Underwater Footage

In de Tropische Zee (In the Tropical Seas)
K: Carl Louis Gregory. P: Thanhouser Film Corporation / Williamson Submarine Company. USA 1914
Print: EYE/The Netherlands Filmmuseum
Dutch titles

“In April through June of 1914 a joint project by Thanhouser and the Williamson Submarine Company produced some 20,000 feet of underwater footage in the Bahamas. Carl Louis Gregory, an important cinematographer in film history, was the Thanhouser cameraman, using the newly-perfected Williamson Submarine, aka Photosphere, a nine-foot-long underwater tube with a viewing window at one end where the camera operator could work perfectly dry while capturing actual underwater views in their natural settings. George M. Williamson and his brother J. Ernest Williamson, sons of the tube’s inventor Capt. C. Williamson, participated both in front and behind the camera.
The first Thanhouser release from this footage was the five-reel The Terrors of the Deep — after three or four special screenings in July 1914 it was finally released in September. More material was assembled into Thirty Leagues Under the Sea (also released in September).
The shark footage of In de Tropische Zee is either the final reel of Thirty Leagues Under the Sea or additional footage not used in the two Thanhouser releases, here assembled in a special Dutch or European release by a Dutch distributor or exhibitor.”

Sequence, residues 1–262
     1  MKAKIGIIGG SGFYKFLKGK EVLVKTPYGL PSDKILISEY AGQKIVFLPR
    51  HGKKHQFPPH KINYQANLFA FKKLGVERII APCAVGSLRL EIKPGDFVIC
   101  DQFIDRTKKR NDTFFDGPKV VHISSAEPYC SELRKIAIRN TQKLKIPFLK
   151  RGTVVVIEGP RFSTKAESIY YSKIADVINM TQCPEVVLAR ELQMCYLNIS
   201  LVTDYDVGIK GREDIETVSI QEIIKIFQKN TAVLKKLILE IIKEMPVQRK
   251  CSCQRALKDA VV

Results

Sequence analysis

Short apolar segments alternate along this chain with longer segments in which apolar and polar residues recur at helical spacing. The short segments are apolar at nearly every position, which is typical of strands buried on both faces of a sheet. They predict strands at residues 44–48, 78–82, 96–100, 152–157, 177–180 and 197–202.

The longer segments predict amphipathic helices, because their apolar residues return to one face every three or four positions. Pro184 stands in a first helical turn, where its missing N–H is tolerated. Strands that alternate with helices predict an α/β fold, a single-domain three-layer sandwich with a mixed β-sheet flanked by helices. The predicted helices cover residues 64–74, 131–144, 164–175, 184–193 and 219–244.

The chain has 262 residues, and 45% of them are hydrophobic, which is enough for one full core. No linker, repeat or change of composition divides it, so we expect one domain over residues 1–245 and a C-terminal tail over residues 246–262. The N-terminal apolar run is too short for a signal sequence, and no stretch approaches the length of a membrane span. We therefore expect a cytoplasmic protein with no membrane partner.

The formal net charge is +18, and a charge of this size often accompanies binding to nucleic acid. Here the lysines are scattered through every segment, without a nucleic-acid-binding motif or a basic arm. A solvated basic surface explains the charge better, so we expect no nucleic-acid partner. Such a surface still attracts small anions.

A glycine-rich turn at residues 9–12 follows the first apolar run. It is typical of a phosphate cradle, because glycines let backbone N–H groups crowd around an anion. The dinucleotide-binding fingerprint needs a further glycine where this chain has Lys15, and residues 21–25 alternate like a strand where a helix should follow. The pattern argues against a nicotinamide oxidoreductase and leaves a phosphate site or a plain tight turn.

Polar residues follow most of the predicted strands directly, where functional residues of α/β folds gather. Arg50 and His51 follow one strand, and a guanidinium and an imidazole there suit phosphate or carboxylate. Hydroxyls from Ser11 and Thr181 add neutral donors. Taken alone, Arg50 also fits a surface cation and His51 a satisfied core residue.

The Diver
P: Kalem Company. USA 1911
Released as a split reel along with the comedy The Hunter’s Dream (1911)
Print: Museum of Modern Art

“One of the pioneering companies of the film industry, Kalem was formed in 1907 in New York City by George Kleine, Samuel Long and Frank Marion, who created their new studio’s name from the first letters of their surnames. The next year they set up shop in Jacksonville, Florida, where they could shoot “outdoor” films year round. An early educational effort, The Diver illustrates the complexities of deep-sea diving, then a vital part of marine salvage operations.
Deep-sea diving goes back as far as the early 18th century, with the development of experimental atmospheric suits. Although we don’t know of the first instance of the filming of a deep-sea diver at work, this footage from 1911 is certainly one of the earliest. Shot at the mouth of Florida’s St. John’s River, it demonstrates the careful preparations necessary for a successful dive.”
National Film Preservation Foundation